So, what was the most shocking comment made to me by last summer’s Conference goers? That when at first they studied our website, our rates puzzled them—they seemed too low to be believed. That sent me to work, and I’ve since scanned the internet only to discover that yes, our rates were—and remain—stunningly low. Our fees are exactly as they claim: the cost of tuition, room and board, entirely and all-inclusively so. How is this possible, when it is also the case that no other Conference that I can discover has as attractive a participant to staffer ratio (one to five or fewer for novelists, one to ten or fewer for poets and short story writers)? The answer is simply this: Colgate values its Conference enough to support it generously. Everyone who is invited to participate is effectively the recipient of a fellowship. More, the University makes available additional fellowships to those who most need them. Why does it do so? Because it is proud of what the Conference and its people have accomplished (and shared through their publications), and so it is proud to share its resources with the Conference as well.
Speaking of resources, does beauty have a price? It better not at Colgate, considering that The Princeton Review named its campus the “most beautiful” in the nation in 2010. Now to the nuts and bolts. Increasingly, our intensive novel workshops, limited to five or fewer participants, have proven productive and desirable. Brian Hall, Carrie Brown, and Jennifer Vanderbes will return to conduct them. Brian's 2008 Fall of Frost continues to be deeply appreciated, an appreciation that began with Christopher Benfey’s “The Storm over Frost” in The New York Review of Books. Jennifer’s first novel, Easter Island, was named “best book of the year” by The Washington Post. Her latest, Strangers at the Feast (2010), has left us all hungering for more. Carrie Brown will also lead an intensive novel workshop. The author of five novels, her most recent being The Rope Walk, she has won many awards for her work, among them a National Endowment for the Arts fellowship, the Barnes and Noble Discover Award, and numerous others.
Jennifer Brice will once again lead an intensive memoir workshop. Her 2007 memoir, Unlearning to Fly, received well-justified praise, among my favorite of which is Natalia Rachel Singer's, for whom Jennifer's memoir is "taut and well-paced, engaging and stunningly visual, original and wise." Jennifer Smith will return to discuss young adult fiction as well as the publishing world more generally. Her 2009 You Are Here, is, as noted by Deb Caletti, "a thoughtful, sensitive story of self-discovery," and, as Lisa Schroeder remarks, it is one that takes you on a "memorable road trip . . . a journey of the heart." Jenny's first novel, The Comeback Season was lauded as “a deeply touching and profound debut” (Bob Krech), and “a wonderfully written story about love, heartache and loss” in the words of sportscaster and reality tv host Tim Green.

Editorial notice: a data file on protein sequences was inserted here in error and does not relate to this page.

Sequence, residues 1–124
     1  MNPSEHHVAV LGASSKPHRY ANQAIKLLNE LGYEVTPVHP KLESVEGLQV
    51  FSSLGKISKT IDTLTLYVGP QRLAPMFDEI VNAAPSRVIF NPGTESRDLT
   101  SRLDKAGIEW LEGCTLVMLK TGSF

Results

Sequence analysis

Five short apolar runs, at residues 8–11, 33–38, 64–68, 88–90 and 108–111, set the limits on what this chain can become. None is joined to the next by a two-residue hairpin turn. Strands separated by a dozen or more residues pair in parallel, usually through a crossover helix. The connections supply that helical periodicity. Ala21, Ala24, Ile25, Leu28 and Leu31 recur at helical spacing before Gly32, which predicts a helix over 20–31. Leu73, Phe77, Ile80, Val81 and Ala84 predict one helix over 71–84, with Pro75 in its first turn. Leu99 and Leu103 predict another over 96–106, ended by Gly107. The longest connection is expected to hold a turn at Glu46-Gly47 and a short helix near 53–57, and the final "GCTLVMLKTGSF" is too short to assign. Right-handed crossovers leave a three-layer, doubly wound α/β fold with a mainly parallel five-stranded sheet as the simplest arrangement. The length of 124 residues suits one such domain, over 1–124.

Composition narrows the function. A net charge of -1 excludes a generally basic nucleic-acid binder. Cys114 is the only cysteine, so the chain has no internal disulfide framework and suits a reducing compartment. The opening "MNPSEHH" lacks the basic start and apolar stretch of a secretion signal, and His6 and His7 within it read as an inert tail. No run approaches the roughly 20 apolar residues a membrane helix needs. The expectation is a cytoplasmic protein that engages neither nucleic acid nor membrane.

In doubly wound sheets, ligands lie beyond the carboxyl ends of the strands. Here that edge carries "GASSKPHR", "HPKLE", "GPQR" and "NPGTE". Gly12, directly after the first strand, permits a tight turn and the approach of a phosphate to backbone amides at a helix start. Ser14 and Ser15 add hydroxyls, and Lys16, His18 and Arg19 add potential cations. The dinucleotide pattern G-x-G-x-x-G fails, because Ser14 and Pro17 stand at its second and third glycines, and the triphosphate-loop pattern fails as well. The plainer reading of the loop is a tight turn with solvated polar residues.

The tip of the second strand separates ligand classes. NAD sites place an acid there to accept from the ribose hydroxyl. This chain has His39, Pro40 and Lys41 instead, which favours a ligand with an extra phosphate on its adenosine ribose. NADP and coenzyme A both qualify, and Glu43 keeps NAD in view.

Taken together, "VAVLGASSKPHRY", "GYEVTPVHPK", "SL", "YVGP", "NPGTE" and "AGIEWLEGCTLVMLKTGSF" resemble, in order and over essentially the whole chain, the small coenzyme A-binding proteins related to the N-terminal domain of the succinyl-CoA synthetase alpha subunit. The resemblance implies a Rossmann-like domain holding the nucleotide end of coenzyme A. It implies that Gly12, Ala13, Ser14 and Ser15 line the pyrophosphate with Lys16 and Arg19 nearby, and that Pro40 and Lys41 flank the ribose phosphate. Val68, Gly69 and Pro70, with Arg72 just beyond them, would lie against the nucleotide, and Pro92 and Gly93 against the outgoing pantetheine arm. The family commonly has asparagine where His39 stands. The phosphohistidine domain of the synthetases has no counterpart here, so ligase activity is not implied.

John Robert Lennon will lead the short fiction workshop. He’ll have a story he first read at our ’10 Conference, “Portal,” published soon in Weird Tales, and “Hibachi” in Electric Literature. Some of his other works include The Funnies, a comedy about a would-be cartoonist; On the Night Plain, a noir western set in the 1940s; and Pieces for the Left Hand: 100 Anecdotes, a collection of one hundred very short stories. His sixth and most recent novel, Castle, a psychological thriller, was enthusiastically reviewed as a "tale of suspense" by The New Yorker in 2009. Previously, his Happyland had been the first novel serialized by Harper’s in over fifty years. John would make our Conference a Happy Land indeed were he not only to read and instruct us, but also to perform for us with his band, Bemus Point. I’ll go to work on that one.